about 730 tonnes.
||[pertinax], protons have electric charges that
repel each other. There happens to exist a
different force (than the electric/magnetic force)
called "the strong nuclear force" --it is stronger
than the electric/magnetic force.
||Neutrons and protons can experience that strong
force --but protons basically DON'T experience it
in-between each other only. So, if an atomic
nucleus contains neutrons as well as protons, the
strong force begins to act such that the electric
repulsion of the protons, toward each other, is
overcome, so they end up staying together in the
||OK thanks, [spidermother], I'd just woken up and not
had my coffee when I typed this.
||Would it not, perhaps, be easier to ask someone to
walk past the cake shop at the moment the moon is
on the opposite side of the earth? They ought then
to be measurably heavier than they are when the
moon is directly overhead.
||The ocean weighs more at high tide, m'lud, not less, reason
being there's more of it in one spot. Certainly the moon
seems to draw out the crazies as it passes overhead, but
the notion that it would temporarily increase the local
population seems suspect at the very least.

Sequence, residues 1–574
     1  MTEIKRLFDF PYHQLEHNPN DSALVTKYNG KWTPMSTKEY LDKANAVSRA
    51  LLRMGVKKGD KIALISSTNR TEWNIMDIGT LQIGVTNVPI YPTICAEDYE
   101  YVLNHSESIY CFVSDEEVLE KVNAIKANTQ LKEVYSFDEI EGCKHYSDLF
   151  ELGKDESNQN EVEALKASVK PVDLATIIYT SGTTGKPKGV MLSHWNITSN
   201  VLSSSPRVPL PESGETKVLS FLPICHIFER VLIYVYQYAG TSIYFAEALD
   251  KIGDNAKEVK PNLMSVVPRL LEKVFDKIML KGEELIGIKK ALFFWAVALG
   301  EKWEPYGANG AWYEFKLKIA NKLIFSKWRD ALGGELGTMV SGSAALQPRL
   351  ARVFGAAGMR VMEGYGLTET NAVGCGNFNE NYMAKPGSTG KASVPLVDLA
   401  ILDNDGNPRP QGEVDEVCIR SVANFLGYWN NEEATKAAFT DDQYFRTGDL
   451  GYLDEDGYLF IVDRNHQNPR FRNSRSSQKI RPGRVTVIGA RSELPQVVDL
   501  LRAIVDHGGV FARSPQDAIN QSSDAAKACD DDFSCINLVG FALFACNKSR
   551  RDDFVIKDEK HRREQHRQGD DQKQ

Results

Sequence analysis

||Consider the earth and the moon. Put one person
on the surface of the earth, directly underneath
||Now put another person on the surface of the
earth, directly opposite the moon.
||The person under the moon experiences a small
pull by the moon (headwards) in opposition to the
much larger pull of the earth (footwards).
||For the person on the far side of the earth, the
pull of the moon (now a little less, as they are a
few thousand miles further from it) _adds_ to the
pull of the earth.
||This, basically, is why there are tides.
||Tides are caused by window-gazers at antipodal
||Basically, and in the sense of "not really", yes.
||Make the cake out of moon! I mean make the moon into a cake!
||I don't think you're taking this seriously, [pocmloc].
||The question isn't what he's taking seriously - it's just what
||You could halve your cake and eat it two...